Down the footpath from his writing shed, along the curve of the water and up the hill, you see what the poet Dylan Thomas once saw: tall birds on the “heron priested shore,” a “sea wet church the size of a snail” atop the ridge, the castle ruin to your left still “brown as owls.”
“Poem in October,” in which Thomas reflects on his 30th birthday, unfolds verse after verse as you walk through the landscape that made him, and that he remade in turn, culminating with a final cliff-top exclaim:
“O may my heart’s truth
still be sung
on this high hill in a year’s turning.”
Thomas died young, at 39, after boasting that he had downed 18 straight whiskeys (“I believe that’s the record”) in New York in 1953. On Monday, he would have turned 100. His small country, long ill at ease with its hard-living, hard-loving son who wrote in English, not in Welsh, and caricatured his roots as much as he claimed them, is celebrating perhaps its greatest poet.
Thomas has been called the James Joyce of Wales and compared to his own hero, John Keats. He wrote some of the most recognizable verse of the 20th century: “Do not go gentle into that good night/Rage, rage against the dying of the light.”
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Many here say Thomas’s poetry has been denied the recognition it deserves on teaching plans and in academic circles. The colorful stories of his drinking and womanizing — some true, some invented (often by himself) — might have contributed to a James Dean-like notoriety in the United States, where he counts two former presidents, Bill Clinton and Jimmy Carter, among his fans. (Mr. Carter was instrumental in winning Thomas a memorial stone, belatedly, in Poets’ Corner in Westminster Abbey, in 1982.)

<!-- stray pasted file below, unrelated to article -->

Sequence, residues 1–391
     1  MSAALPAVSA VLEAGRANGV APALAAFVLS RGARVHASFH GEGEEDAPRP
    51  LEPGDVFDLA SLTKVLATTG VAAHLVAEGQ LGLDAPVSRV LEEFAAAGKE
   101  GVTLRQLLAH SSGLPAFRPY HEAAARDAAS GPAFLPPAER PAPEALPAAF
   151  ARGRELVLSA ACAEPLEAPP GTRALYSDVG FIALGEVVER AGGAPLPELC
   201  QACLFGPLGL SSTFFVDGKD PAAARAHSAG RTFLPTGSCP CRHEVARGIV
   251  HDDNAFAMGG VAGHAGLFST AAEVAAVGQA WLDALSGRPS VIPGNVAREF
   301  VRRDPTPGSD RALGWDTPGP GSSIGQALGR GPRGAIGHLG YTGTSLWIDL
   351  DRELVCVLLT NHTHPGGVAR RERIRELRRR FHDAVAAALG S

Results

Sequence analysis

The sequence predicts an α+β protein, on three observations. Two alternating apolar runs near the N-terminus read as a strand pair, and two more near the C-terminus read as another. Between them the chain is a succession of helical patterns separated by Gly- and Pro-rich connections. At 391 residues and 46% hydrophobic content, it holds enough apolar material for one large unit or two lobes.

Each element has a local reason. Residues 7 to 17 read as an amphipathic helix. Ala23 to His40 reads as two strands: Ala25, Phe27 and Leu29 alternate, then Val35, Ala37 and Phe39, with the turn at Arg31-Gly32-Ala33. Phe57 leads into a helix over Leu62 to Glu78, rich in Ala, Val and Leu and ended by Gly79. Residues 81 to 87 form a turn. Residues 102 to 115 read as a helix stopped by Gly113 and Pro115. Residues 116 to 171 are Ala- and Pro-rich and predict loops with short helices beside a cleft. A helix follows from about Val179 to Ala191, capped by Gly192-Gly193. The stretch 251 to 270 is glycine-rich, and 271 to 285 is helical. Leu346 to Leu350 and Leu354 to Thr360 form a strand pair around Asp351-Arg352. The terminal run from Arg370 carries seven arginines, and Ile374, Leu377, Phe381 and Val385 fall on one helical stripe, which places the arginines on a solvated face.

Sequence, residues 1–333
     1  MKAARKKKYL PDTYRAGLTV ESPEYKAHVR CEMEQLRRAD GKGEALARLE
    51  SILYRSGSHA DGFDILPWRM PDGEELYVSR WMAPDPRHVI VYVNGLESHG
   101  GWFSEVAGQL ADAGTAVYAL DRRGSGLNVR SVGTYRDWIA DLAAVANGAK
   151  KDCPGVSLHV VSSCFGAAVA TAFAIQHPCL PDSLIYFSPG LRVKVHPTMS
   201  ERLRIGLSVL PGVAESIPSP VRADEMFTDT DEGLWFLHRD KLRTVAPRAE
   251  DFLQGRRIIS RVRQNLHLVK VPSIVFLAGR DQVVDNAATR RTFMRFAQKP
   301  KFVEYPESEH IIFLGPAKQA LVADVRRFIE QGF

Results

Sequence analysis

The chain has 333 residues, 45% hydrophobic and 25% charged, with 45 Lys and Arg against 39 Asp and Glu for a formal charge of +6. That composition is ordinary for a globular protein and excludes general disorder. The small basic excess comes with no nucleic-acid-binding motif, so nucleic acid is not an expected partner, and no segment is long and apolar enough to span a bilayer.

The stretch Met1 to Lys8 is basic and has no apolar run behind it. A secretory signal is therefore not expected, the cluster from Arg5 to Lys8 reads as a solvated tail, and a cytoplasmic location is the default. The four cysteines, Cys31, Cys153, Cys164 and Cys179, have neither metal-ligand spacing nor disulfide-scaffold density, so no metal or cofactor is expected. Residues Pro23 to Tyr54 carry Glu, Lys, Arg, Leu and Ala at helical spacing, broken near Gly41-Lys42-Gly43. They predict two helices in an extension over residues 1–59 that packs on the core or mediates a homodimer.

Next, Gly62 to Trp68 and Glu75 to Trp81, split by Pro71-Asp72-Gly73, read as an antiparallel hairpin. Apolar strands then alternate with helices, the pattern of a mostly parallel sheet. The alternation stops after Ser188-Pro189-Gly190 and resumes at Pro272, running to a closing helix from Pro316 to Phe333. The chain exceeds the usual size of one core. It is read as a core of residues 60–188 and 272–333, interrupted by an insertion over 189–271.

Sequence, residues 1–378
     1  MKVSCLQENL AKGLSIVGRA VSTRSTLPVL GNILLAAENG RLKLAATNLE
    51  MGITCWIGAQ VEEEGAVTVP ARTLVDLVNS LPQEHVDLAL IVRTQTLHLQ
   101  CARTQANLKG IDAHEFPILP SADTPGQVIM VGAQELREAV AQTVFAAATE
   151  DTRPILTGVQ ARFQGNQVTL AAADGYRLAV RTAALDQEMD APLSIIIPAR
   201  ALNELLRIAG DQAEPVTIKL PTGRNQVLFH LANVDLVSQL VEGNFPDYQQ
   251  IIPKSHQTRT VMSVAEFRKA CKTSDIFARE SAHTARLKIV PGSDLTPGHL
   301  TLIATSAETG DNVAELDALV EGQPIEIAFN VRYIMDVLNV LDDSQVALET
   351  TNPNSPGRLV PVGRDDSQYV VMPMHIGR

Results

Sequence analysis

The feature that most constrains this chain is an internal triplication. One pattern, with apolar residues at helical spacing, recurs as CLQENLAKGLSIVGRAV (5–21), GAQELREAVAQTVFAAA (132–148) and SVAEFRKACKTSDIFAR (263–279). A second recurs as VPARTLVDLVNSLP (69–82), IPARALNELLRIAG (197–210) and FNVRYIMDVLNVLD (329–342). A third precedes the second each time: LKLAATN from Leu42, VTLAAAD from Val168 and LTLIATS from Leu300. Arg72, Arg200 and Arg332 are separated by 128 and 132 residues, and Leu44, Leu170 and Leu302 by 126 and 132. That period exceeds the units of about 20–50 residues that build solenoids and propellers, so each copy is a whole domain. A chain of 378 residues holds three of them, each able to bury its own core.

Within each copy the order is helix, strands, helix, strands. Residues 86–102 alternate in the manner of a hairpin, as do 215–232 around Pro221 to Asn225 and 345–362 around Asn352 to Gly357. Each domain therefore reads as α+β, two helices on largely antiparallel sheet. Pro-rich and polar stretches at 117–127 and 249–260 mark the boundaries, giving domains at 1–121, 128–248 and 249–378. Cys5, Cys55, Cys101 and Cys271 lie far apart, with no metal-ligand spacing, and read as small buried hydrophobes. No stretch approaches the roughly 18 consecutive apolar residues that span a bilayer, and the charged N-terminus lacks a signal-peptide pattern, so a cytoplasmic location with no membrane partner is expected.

But that reputation appalled many in Wales, as did Thomas’s flawless English accent. Denied the Welsh language and sent to elocution lessons by his father as a boy, Thomas was long considered too English for the Welsh and too Welsh for the English. (“He belongs to the English,” the Welsh nationalist Saunders Lewis scoffed.)
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Thomas’s birthplace, Swansea, that “ugly, lovely town,” where he wrote two-thirds of his work in a teenage outpouring, is erecting another statue. Thomas quotations zip around the city center on public maintenance vehicles and the No. 5 bus: “Swansea is still the best place,” reads one, an extract from a letter he wrote to a friend in 1938.
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But nothing is as it was in Swansea, badly bombed during the war. A more timeless glimpse can be found 40 miles west in Laugharne (pronounced LARN), in Thomas’s words, “The strangest town in the world.”
Thomas’s parents grew up across the estuary, and he spent his childhood summers in Fern Hill, his aunt’s farm and the title of one of his most famous poems. He lived in the area on and off for 15 years, including the last four, and is buried in the village cemetery with his wife, Caitlin.
“The soul of his poetry is here,” Ms. Clarke said.
The Boathouse, where Thomas lived (“a seashaken house on a breakneck of rocks”), is still there, as is Browns Hotel, his local haunt and now a boutique hotel that calls itself “a bar with rooms.” At the corner table facing the door, Thomas would “molder,” collecting stories and picking up colloquialisms. “Under Milk Wood,” his best-known play, which locals insist is based on their town, chronicles a day in an imaginary seaside village called Llareggub. (Read it backward for a sense of his mischievous humor.)
“If Dylan Thomas walked into Laugharne today, he could write ‘Under Milk Wood’ all over again,” Carl Thornton, a 48-year-old architect, said over a pint one recent evening. “In this town, if you say good morning to the wrong person, within 10 hours you are having an affair.”